View Full Version : Patch or replace canvas deck?
03-11-2002, 01:14 PM
I recently purchased a gently used 16' Herreschoff double-paddle canoe, planked in cedar on oak frames. The boat's generally in great shape and I'd like to keep her that way.
The deck is marine ply covered with canvas. The canvas looks to be in good shape except for a couple of cracks running fore and aft (the longest of which is about a foot). It's obvious that I'll have to replace the canvas at some point. (Given what I've read here about canvas over ply, I'd probably use dynel and epoxy.)
I'm wondering, though, whether I need to do that now, or whether it can wait a season or two. There's no obvious indication of rot where the canvas is cracked, but I don't know how long she's been like that (the previous owner is not readily accessible for questions), and I'd hate to give any rot the chance to get a firm foothold.
Any thoughts? Should I patch or replace? And if I patch, how do I do that?
03-11-2002, 01:42 PM
Dynel and epoxy is used in replacement of canvas for decks that are larger and are walked on. The dynel creates a non-skid surface which looks a lot like a canvas treatment. The compromise for the traditionalist is that the dynel deck is going to last longer than canvas without the attention that canvas requires.
If I had a Herreshoff canoe I would surely keep her traditional. The canvas job is going to be easier than dynel and likely lighter overall.
If your canoe is getting stored indoors and subject to just the wet of the day I would not worry about rot.
Don't put off the job though. You have a real gem there and she deserves a nice clean deck.
In order to get afloat in her as soon as you can (which is always the best idea with any newly purchased boat) you can simply patch the cracks.
Indeed, much depends upon the crack; it may be that the canvas is intact and just the paint has gone - often happens due to excess paint build up.
All you need to do, on such a small and delicate boat, whose decks will not be walked on, is to take a sharp scraper and remove the loose and flaking paint around the cracks, then sand a couple of inches each side of the cracks and take good look - if the canvas is still good, just paint it and thank your stars. If the canvas has cracked, paint it with almost any adhesive - ordinary contact cement is fine - lay a strip of canvas along the crack and paint it and it will last for a season - it will look like a patch but so what - you will be dealing with it in the winter.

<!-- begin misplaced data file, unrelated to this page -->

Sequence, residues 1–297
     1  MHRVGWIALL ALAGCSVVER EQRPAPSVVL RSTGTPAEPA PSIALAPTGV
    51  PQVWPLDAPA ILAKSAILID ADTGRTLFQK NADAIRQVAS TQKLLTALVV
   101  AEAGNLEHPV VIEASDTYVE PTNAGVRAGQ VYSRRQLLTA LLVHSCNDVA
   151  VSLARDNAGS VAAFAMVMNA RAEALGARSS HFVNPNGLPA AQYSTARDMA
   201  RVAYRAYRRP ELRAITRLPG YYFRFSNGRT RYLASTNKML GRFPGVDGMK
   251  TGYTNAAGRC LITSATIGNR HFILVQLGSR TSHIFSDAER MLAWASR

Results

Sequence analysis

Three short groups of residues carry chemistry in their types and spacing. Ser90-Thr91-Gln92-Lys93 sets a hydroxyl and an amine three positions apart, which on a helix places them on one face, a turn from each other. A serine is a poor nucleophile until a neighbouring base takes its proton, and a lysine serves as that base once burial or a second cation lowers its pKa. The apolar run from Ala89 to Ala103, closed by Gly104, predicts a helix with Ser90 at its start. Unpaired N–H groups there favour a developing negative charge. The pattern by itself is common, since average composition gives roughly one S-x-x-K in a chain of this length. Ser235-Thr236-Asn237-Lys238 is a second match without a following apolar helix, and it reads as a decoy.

03-11-2002, 07:14 PM
Thanks for the comments! Chris is right: even though she's only ten years old she's a gem, and the construction is thoroughly traditional (other than the bungee cords holding the hatch covers in place from underneath). She deserves a canvas deck, not dynel.
03-11-2002, 09:06 PM
"other than the bungee cords..." and the plywood deck... In for a penny, in for a pound! If you want to do a lasting job over plywood, use the Dynel and epoxy, which if done right, will be completely indistinguishable from the canvas, except that it won't crack and rot. If you had a planked deck, I'd be singing the canvas tune. As said... if it's just a crack, you probably need to repaint. A heat gun used carefully will permit you to just scrape off the excess paint for refinishing without burning the canvas, if it is built up that much. However, given the age and use of the canoe, I can't imagine it having a paint build up. A crack isn't any big deal... just time to repaint. Generally, when the crack goes all the way through, indicating torn canvas, you can see the stretched canvas spreading at the crack.. sort of like... oh, nevermind... LOL
03-11-2002, 11:01 PM
Yow! Thanks, Bob -- based on your earlier posts re the subject of canvas over ply, I was wondering if you'd chime in . . . Of course, you're right, the "laminated wood" is not traditional.
I do appreciate the info re painting. I'll be quite happy to postpone any big decisions for a spell.
One additional question: any significant difference in weight between painted canvas versus dynel and epoxy? (As it is, she's a might heavy for a kayak.)
03-12-2002, 02:28 AM
If the canvas isn't semi-permanently bonded to the deck you could always try a traditional canvas repair similar to patching canoe hull canvas. The idea is to gently pry up the area around the crack and slide a patch under the deck canvas that's been slathered with glue (glue canvas to canvas, not to the wood). The traditional goo of choice is ambroid cement, which is fairly rare these days, but other glues would work. On a hull patch, after the patch piece was in, the canvas along the crack was sometimes tacked down as well. Probably not needed on a canvas canoe deck. The crack was then filled, faired and painted.
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